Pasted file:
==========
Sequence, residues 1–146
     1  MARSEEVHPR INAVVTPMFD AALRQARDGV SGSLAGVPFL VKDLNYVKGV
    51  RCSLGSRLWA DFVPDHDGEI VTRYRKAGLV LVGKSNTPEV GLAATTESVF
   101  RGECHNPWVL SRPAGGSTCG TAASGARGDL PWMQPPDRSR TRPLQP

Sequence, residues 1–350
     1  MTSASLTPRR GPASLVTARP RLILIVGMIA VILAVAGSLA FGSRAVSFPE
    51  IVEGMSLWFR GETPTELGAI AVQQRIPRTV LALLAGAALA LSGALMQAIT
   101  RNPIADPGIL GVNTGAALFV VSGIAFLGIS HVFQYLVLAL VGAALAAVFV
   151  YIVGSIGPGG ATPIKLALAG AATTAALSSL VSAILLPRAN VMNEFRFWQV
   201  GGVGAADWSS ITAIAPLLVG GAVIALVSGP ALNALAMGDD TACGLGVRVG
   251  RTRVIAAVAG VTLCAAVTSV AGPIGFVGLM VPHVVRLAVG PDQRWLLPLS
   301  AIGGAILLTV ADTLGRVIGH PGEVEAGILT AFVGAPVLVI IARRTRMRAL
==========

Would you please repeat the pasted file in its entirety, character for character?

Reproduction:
Sequence, residues 1–146
     1  MARSEEVHPR INAVVTPMFD AALRQARDGV SGSLAGVPFL VKDLNYVKGV
    51  RCSLGSRLWA DFVPDHDGEI VTRYRKAGLV LVGKSNTPEV GLAATTESVF
   101  RGECHNPWVL SRPAGGSTCG TAASGARGDL PWMQPPDRSR TRPLQP

Sequence, residues 1–350
     1  MTSASLTPRR GPASLVTARP RLILIVGMIA VILAVAGSLA FGSRAVSFPE
    51  IVEGMSLWFR GETPTELGAI AVQQRIPRTV LALLAGAALA LSGALMQAIT
   101  RNPIADPGIL GVNTGAALFV VSGIAFLGIS HVFQYLVLAL VGAALAAVFV
   151  YIVGSIGPGG ATPIKLALAG AATTAALSSL VSAILLPRAN VMNEFRFWQV
   201  GGVGAADWSS ITAIAPLLVG GAVIALVSGP ALNALAMGDD TACGLGVRVG
   251  RTRVIAAVAG VTLCAAVTSV AGPIGFVGLM VPHVVRLAVG PDQRWLLPLS
   301  AIGGAILLTV ADTLGRVIGH PGEVEAGILT AFVGAPVLVI IARRTRMRAL